Albino Redwoods

If you are a very lucky person hiking in the redwood forests of California you may just be able to see a ghost. Not a "real" ghost of course, but pretty darn close. Scattered about these ancient forests are rare and peculiar albino redwood trees! Seeing one is seeing something very special indeed.

Redwoods (Sequoia sempervirens) are some of the largest and oldest organisms on the planet. They are famous worldwide for their grandeur. Aside from their obvious charismatic physical traits, redwoods are quite interesting genetically. These giant gymnosperms are genetically hexaploid, meaning they have 6 copies of their genetic code. What this means for redwoods is the ability to experiment with a wider array of mutations than a diploid organism like you and I. A mutation in one set of chromosomes still leaves 5 other copies to maintain normal genetic function. Whereas this can translate into massive benefits in defenses against pathogens, it also means there is a lot of room for error as well. 

The albino redwoods are an example of a seemingly dead end mutation. For a plant that relies of photosynthesis to survive, the loss of photosynthetic pigments should spell disaster. The question is why do albino redwoods exist at all? Well, the albinos become parasites on their photosynthetic parents. You see, albino redwoods are mutant offshoots of healthy trees. Something in a bud goes awry and the resultant shoot fails to develop chlorophyll. Sometimes chimeras arise which produce leaves that are half photosynthetic and half albino. Still, how do these mutations persist?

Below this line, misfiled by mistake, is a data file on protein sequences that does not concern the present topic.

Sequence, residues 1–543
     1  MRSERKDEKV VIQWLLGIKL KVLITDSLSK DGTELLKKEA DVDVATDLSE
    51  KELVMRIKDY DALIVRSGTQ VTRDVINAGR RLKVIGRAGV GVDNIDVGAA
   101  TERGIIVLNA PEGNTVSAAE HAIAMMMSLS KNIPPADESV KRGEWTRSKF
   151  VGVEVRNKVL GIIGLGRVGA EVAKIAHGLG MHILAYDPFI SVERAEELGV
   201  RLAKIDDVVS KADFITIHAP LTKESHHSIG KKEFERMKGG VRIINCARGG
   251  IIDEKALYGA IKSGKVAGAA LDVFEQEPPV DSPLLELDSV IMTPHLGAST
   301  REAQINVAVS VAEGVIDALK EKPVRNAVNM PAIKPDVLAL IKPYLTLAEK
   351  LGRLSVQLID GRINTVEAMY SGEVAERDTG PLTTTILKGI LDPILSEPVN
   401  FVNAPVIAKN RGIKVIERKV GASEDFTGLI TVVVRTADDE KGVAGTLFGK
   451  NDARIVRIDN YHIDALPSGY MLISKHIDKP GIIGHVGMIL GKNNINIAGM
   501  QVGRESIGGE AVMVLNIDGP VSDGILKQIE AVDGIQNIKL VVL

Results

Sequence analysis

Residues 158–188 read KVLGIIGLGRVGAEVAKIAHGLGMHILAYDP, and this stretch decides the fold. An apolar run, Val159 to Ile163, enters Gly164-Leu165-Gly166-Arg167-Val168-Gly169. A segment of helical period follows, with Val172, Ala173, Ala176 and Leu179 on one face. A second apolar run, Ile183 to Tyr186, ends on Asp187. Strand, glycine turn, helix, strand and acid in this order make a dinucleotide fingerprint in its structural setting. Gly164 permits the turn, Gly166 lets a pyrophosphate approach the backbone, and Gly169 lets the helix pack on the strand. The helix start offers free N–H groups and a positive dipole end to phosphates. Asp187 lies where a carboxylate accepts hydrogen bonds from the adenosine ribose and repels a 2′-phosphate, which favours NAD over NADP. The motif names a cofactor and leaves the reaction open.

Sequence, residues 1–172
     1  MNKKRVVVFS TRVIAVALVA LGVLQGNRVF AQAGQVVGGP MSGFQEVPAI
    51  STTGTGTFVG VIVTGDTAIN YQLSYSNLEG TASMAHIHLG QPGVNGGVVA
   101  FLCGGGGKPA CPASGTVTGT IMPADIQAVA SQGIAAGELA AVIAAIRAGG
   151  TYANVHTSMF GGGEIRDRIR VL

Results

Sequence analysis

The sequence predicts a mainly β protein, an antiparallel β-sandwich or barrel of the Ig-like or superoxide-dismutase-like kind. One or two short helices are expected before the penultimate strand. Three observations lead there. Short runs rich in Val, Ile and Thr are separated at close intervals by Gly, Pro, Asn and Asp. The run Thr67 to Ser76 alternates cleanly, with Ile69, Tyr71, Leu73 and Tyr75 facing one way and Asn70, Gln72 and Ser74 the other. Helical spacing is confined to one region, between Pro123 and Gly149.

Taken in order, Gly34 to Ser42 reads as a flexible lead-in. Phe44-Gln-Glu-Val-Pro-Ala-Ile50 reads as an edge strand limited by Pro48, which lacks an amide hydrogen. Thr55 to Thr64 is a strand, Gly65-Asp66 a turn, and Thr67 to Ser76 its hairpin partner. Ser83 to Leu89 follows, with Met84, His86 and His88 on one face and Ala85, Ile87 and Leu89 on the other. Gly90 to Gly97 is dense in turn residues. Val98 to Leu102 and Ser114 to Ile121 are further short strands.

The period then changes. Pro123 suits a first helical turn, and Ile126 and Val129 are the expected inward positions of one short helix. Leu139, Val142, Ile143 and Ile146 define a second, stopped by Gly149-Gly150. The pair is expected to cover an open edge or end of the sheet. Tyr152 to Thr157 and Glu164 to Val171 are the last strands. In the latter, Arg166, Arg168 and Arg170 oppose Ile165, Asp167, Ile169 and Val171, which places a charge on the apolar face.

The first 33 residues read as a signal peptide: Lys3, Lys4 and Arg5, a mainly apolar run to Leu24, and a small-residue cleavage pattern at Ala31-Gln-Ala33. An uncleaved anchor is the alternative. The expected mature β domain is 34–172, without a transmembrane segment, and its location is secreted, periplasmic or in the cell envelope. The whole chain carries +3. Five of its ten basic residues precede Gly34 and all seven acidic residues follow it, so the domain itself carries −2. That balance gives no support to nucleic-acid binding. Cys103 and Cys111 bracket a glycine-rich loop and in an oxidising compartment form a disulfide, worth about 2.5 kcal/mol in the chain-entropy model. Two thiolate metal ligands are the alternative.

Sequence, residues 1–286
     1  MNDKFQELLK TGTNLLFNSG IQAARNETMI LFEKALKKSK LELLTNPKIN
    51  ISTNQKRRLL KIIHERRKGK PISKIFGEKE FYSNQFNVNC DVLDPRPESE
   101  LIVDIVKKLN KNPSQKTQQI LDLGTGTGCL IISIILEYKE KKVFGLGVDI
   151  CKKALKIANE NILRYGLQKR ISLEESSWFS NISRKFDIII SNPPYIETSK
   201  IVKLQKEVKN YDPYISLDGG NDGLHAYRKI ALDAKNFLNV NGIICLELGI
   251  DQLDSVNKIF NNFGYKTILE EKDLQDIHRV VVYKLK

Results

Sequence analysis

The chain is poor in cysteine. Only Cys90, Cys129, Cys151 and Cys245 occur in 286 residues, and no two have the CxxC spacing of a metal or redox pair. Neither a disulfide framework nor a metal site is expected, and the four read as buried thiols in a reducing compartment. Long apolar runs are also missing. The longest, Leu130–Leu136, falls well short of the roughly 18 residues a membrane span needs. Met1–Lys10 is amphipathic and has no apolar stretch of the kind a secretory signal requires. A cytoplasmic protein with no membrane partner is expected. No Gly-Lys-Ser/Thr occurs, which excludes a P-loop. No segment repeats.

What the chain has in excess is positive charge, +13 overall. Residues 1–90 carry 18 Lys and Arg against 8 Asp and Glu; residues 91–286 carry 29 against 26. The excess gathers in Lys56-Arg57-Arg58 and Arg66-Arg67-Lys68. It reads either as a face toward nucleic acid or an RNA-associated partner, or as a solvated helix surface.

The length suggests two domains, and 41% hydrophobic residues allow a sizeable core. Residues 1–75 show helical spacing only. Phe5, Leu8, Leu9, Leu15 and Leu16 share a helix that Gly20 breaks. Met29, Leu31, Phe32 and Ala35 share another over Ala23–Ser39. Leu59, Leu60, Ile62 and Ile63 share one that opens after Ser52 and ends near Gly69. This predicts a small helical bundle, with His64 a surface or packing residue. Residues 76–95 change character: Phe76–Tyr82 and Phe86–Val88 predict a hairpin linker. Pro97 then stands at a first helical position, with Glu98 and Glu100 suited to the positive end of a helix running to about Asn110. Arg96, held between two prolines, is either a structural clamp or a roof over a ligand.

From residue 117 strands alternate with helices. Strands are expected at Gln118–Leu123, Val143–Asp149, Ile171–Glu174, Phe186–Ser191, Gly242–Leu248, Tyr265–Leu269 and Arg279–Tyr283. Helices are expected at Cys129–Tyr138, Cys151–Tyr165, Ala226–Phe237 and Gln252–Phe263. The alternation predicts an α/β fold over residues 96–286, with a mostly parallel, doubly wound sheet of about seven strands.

Researchers have found that the leaves of albino redwoods have twice the amount of stomata than do normal redwood leaves. This makes them quite susceptible to drought. During dry years, the trees quickly dehydrate and their host trees withdraw all support. The albinos will often die off but then re-sprout when conditions improve. This disappearing and reappearing act further lends to their mythos. However, this does not capture the full picture. The fact that photosynthetic redwoods tolerate the albinos on any level is quite curious. Even photosynthetic branches that don't produce enough energy are shed. What else could be going on?

Recent research might have found the answer. The albinos most frequently occur along the edge of the redwoods range where conditions just aren't that conducive. What's more, the soils around these albinos are often high in toxic metals such as nickle, cadmium, and copper. When researchers took a closer look at the chemical composition of the albinos, they found that they accumulate these toxic heavy metals at much higher rates.

In a healthy tree, these metals interfere with the photosynthetic machinery, making them quite toxic indeed. Because the albino redwoods are incapable of photosynthesis, this is not an issue. This has led to an interesting hypothesis. It could very well be that the photosynthetic redwoods tolerate their albino offshoots because the albinos accumulate the toxic heavy metals in their tissues and thus keep them away from healthy, photosynthetic tissues. This ideas is still in the hypothesis stage but work is being done to see if it plays out in the wild. 

There doesn't seem to be a solid consensus on how many albinos exist in the wild. I have seen numbers as low as 25 and as high as 400. Either way, they are a rare element of the coastal redwood community. With thousands of acres still to be explored, it is likely that more will turn up. While some exist in protected parks, many are under threat with increasing fragmentation of these ancient forests. Very little of the coastal redwood forests are under protection and we may be losing more than we will ever know. 

Photo Credit: Cole Shatto and George Bruder

Further Reading: [1] [2] [3]